Just a quick word of thanks for the overwhelming response that I got to the two-part “Go It Alone” series that was published on CrunchGear.com this past weekend. Commentary was active and generally very intelligent. I appreciate you letting me know that there seems to be interest in this subject matter and in subsequent posts. I also appreciate the comments from those who seemed to accurately ascertain that I am new to the blogging world and to ignore the “haters”. Watching the commentary unfold in real-time was truly a great introduction to this world for me and I look forward to delving into it further here at DesignTheatre.net. Many of you voiced in the CrunchGear commentary that you’d like to see a “Part III”. If you haven’t yet voiced that, but would like to, be sure to add a comment over there as well.
Thank you again,
Thanks, first and foremost, to John Biggs for giving me the opportunity to post my first couple of installments on his blog CrunchGear.com. In response to his readers John Allen, Tom Reynolds and others I am going to accumulate a list below of future subject matter. I welcome anyone to comment on this list with a “yeah” or a “neah” and/or their own idea for something they may like to read about at a future date:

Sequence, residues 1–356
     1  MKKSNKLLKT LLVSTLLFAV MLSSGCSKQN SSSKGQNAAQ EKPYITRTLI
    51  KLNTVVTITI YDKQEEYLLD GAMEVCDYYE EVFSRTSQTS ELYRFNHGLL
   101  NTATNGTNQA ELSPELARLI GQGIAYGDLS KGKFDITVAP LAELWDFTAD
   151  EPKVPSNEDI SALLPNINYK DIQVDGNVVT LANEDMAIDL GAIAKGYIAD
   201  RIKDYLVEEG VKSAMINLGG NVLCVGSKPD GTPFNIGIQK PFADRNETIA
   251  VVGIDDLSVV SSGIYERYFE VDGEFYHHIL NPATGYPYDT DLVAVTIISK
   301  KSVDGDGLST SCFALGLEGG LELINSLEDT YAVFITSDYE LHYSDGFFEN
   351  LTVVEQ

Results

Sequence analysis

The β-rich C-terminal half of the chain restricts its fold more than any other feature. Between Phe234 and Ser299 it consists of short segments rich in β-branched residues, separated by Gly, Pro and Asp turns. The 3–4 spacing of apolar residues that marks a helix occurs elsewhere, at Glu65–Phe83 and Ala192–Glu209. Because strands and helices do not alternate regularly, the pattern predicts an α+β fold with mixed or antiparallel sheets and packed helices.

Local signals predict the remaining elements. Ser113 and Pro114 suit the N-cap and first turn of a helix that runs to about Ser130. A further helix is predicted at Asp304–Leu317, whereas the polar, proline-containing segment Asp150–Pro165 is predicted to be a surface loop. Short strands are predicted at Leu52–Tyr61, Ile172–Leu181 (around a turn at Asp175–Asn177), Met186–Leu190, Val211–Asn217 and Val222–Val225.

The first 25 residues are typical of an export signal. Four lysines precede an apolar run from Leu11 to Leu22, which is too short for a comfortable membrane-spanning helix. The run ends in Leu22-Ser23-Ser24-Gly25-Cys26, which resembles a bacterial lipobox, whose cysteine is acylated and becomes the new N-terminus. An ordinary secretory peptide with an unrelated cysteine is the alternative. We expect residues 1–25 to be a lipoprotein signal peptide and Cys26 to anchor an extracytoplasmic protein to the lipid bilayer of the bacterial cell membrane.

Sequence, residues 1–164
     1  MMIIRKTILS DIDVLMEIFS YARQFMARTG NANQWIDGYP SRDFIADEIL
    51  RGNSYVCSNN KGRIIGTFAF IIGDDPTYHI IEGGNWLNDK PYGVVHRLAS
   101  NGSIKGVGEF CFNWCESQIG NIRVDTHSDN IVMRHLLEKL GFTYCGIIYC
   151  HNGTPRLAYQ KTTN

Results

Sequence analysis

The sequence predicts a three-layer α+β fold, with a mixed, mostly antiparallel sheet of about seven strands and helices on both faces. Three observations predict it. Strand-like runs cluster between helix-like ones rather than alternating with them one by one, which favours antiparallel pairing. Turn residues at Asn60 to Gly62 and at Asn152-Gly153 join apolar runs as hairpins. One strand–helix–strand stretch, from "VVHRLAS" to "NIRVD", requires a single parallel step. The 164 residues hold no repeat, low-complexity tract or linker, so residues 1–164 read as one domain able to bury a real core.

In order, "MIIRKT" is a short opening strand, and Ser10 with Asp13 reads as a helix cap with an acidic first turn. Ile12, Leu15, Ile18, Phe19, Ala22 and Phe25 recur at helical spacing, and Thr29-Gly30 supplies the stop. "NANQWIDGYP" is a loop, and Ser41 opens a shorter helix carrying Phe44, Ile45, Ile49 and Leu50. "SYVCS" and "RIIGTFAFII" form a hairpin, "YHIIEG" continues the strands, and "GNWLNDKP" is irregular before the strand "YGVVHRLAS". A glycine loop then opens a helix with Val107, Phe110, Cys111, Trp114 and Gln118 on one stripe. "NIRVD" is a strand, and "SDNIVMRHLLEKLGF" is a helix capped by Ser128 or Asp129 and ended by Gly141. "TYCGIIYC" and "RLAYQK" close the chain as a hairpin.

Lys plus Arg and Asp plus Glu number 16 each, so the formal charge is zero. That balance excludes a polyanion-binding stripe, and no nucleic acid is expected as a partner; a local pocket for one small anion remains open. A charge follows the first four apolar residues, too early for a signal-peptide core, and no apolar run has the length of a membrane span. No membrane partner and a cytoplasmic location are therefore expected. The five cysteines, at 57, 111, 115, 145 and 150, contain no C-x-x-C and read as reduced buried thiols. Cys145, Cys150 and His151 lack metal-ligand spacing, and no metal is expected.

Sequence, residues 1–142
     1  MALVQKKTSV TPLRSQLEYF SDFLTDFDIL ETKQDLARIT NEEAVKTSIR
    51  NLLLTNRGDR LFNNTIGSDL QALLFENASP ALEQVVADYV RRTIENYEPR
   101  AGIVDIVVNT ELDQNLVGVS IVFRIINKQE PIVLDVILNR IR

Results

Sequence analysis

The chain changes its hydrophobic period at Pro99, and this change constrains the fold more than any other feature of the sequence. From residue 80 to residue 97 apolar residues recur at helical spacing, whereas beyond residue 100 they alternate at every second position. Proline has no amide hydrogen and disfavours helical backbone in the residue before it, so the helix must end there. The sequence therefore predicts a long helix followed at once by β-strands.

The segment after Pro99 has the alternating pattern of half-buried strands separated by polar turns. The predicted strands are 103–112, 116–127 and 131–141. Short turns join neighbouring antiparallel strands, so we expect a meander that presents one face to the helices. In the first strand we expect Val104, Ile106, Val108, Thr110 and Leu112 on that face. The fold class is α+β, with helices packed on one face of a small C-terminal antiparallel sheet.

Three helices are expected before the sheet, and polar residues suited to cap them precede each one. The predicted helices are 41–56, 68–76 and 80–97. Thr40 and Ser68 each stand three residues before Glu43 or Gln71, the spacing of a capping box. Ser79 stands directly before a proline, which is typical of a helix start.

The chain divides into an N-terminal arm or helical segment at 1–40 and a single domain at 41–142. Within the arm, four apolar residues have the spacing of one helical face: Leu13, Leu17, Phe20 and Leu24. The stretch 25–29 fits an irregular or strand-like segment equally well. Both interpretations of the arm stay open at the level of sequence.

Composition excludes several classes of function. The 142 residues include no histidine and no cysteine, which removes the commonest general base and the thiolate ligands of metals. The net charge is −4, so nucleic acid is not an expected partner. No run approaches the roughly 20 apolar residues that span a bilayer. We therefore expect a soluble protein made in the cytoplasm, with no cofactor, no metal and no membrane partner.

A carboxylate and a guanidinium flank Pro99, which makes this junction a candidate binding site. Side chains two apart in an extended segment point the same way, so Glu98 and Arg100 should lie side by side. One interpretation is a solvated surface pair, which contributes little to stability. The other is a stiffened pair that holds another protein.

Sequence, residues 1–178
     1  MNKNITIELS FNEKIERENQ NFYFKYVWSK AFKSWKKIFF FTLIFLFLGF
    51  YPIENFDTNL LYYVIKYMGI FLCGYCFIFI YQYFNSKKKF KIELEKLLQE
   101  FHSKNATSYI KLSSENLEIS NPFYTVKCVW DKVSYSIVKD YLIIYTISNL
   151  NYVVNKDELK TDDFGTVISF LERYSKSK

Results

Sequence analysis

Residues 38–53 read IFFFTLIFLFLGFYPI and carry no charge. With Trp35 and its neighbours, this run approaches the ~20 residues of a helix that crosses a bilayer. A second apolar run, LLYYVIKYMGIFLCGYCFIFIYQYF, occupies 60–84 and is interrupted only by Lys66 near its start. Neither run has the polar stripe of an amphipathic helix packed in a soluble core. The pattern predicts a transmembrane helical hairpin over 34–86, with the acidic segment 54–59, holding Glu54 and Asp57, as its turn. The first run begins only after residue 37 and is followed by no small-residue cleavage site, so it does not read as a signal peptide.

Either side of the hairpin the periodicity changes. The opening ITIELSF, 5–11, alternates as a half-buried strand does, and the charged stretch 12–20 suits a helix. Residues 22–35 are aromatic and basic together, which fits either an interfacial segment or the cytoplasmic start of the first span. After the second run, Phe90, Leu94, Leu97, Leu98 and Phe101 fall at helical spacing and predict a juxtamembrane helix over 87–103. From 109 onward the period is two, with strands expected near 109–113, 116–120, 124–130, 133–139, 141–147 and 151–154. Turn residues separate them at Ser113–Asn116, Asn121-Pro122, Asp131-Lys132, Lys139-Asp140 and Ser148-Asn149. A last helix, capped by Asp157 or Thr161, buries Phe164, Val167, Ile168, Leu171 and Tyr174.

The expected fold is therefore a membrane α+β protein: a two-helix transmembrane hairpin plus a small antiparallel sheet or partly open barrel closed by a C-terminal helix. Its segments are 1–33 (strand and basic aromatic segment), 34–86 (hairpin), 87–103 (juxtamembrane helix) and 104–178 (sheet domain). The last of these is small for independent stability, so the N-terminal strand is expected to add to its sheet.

- Ideation – Where do Good Ideas Come From?
- Marketability – Is a Good Idea Necessarily a Marketable Idea?
- SBA Funding – What is the SBA and How Does One Take Advantage of It?
- Protecting Your Idea In America – Basics of Intellectual Property
- Protecting Your Idea In China – Is This Really Necessary and, If So, What Can I Do About It?
- Vetting a New Manufacturing Partner
- Tips On Industrial Design – Is This Something That Can Be Outsourced As Well?
- Is it Even Possible to Make This Kind of Stuff in the USA?
- Effects of Outsourcing: Trade Deficit? American Job Loss?
- Analysis of Cost of Manufacturing the Same Product in the USA vs. in China.
- Reading Your Own Product Reviews – Thick Skin Required.
- The Logistics … Of Logistics. How Does Importing Work Anyway?
- Is The iPhone Killing Good Old-Fashioned, Mass-Produced Product?
- Mysteries of Retail Revealed – What Are Buyers Looking For in Terms of Margin via Various Channels (Boutique, Catalog, Big Box, Mass, etc.)
- The Best Working Prototype of All May Be … A Rendering?
- Vet It By Committee? Thoughts On “Crowd-sourced” Product Development (i.e. Quirky.com)
- The New World Order of the Direct Sale (Etsy, Zazzle, CafePress, SpreadShirt, etc.)
- The Armchair Inventor – Online Resources Useful To The New Product Developer
- OEM, ODM, FOB, FCL, LTL. GTLKA … Guide To Little Known Acronyms